**Thomas Large 1772, Whittow & Large to 1774,Thomas Large 1774,Whittow & Large 1776-1781, imprisoned for debt 1781, Thomas Large 1784-1792, Thomas Large junr in partnership as Whittow & Son to 1804, Thomas Large junr 1805-1826, Thomas Large & Co 1819-1827, Jane Large & Co (J. Large & Co)1827-1844. At 1 Bango's Court (later Bangor Court), Shoe Lane, London 1772, 48 Shoe Lane to 1774, 75 Shoe Lane 1774, 48 Shoe Lane 1776-1780, 15 Giltspur St, West Smithfield 1784-1790, 82 Shoe Lane 1805, 15 Little New St, Shoe Lane 1805-1837, 69 Shoe Lane 1838, 18 Dean St, Fetter Lane 1839-1844. Copper and brass plate makers, later also steel plate manufacturers.
Thomas Large (c.1743-1810) married Elizabeth Greenwood in 1763 and had nine children christened at St Andrew Holborn between 1764 and 1777, including Thomas Large junr in May 1769. He died in 1810 and was buried at St Bride Fleet St, as age 67, of 82 Shoe Lane. He was followed by his son, Thomas Large junr (c.1769-1827) and then by his son’s widow, Jane Large (c.1767-1853).
As a young man, Large entered into partnership with Benjamin Whittow (qv) as copper plate makers in Shoe Lane, a partnership which was dissolved at 29 September 1774, with each partner carrying on business independently, Whittow at no.48 and Large at no.75 (Daily Advertiser 28 September 1774). Large soon advertised from 75 Shoe Lane (Daily Advertiser 1 October 1774). By 1776, he was again in partnership with Whittow. Their trade card from 48 Shoe Lane, as Whittow & Large, copper plate makers, advertised that they made plates for engravers, calico printers, painters, etc (Banks coll., 85.179, see also Heal coll., 85.328). As braziers and copper-plate-planishers of Shoe Lane, they were declared bankrupt in 1781 and imprisoned for debt (London Gazette 24 March 1781). Thereafter both men traded independently, Thomas Large at 15 Giltspur St, West Smithfield, listed in 1784 as a copper plate printer but subsequently as a copper plate maker, and Benjamin Whittow at 43 Shoe Lane.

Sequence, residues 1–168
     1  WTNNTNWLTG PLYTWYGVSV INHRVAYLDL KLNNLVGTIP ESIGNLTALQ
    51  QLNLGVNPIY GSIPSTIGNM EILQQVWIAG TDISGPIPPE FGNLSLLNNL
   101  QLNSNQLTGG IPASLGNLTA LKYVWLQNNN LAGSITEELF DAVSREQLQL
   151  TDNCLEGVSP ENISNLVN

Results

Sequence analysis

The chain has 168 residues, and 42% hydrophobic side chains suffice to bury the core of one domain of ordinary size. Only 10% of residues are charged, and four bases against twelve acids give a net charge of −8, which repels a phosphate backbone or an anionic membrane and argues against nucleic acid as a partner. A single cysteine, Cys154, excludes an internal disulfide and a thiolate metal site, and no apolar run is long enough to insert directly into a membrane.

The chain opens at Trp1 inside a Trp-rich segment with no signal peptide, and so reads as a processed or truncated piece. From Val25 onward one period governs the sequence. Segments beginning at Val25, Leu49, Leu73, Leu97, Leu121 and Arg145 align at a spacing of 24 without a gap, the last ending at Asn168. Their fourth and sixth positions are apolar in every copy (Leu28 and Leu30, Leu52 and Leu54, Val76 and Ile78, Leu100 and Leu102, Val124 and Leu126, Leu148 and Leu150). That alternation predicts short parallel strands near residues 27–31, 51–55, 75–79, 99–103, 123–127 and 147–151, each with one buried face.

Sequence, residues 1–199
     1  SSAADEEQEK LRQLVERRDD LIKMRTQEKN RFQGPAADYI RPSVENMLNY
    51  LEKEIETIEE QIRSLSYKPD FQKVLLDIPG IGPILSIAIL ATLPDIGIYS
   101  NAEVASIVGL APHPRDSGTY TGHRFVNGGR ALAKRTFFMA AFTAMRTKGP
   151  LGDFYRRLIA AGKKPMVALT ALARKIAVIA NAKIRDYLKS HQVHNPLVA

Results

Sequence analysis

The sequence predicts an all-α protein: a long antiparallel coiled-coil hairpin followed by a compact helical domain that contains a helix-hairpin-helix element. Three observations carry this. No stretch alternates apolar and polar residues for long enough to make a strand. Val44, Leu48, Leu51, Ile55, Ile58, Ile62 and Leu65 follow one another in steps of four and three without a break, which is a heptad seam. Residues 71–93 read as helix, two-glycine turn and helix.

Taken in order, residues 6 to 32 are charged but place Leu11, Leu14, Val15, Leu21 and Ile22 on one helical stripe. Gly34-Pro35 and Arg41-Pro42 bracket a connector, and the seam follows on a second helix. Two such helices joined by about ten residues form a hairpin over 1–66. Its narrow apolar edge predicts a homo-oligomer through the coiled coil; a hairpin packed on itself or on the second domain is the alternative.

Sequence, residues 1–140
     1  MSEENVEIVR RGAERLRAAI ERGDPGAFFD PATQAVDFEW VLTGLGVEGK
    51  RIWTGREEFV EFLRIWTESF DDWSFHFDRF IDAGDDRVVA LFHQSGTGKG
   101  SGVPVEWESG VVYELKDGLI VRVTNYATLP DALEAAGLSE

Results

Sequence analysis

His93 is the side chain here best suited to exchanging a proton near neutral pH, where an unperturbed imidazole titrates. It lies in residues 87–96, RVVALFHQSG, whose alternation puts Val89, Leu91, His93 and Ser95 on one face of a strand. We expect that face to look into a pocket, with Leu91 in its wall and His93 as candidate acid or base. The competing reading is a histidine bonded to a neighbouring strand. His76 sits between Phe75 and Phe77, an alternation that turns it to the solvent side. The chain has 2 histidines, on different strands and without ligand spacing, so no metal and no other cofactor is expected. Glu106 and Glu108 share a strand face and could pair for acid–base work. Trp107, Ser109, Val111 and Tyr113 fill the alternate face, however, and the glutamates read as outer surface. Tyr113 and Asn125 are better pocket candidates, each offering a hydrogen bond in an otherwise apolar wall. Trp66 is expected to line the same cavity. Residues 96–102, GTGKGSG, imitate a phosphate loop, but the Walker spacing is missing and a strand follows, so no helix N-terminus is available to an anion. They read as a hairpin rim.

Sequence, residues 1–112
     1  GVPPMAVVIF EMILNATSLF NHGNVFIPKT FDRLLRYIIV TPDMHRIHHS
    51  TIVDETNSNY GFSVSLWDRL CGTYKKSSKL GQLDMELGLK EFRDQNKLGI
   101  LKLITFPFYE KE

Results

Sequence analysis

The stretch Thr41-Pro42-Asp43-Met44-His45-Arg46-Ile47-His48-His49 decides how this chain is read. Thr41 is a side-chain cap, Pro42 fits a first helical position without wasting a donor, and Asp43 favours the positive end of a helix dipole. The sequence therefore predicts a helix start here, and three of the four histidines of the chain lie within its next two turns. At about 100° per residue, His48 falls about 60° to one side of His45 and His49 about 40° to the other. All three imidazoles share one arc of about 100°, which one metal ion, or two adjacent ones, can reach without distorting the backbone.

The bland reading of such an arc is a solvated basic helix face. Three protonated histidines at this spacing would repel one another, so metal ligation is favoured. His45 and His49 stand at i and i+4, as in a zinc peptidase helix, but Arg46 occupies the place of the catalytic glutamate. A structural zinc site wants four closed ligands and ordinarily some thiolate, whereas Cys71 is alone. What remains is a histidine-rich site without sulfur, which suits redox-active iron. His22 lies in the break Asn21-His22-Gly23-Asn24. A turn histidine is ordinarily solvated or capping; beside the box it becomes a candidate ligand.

Large’s son, Thomas Large junr (c.1769-1827) was baptised in May 1769 and married Jane Wood in 1790, having a daughter Jane Rebecca in 1792. He was living with Benjamin Whittow at the time the latter made his will in 1794. Thomas Large junr’s partnership with Whittow and George Harris, apparently trading as Whittow & Son, was dissolved in 1804 (London Gazette 10 April 1804). In 1809, Large took Richard Hughes (qv) as apprentice. He was buried in 1827, age 58. In his will, made 30 January 1826 and proved 13 February 1827, Thomas Large, copper plate maker of 1 Little New St, Shoe Lane, left his estate to his wife Jane.
Jane Large (c.1767-1853) continued the business, trading as Jane Large & Co. In 1834, she was charged by Edward Seymour, copper plate engraver, with receiving stolen copper (Morning Post 15 January 1834). Large & Co ceased trading in about 1844. Jane Large died in 1853 at Ball’s Pond, age 86, and was buried at St Bride Fleet St. Her son, James Large (1807-1879) was born at 16 Little New St in 1807. In 1835, James Large testified as a witness in an Old Bailey prosecution that he was employed by Richard Hughes (formerly his father’s apprentice, see above).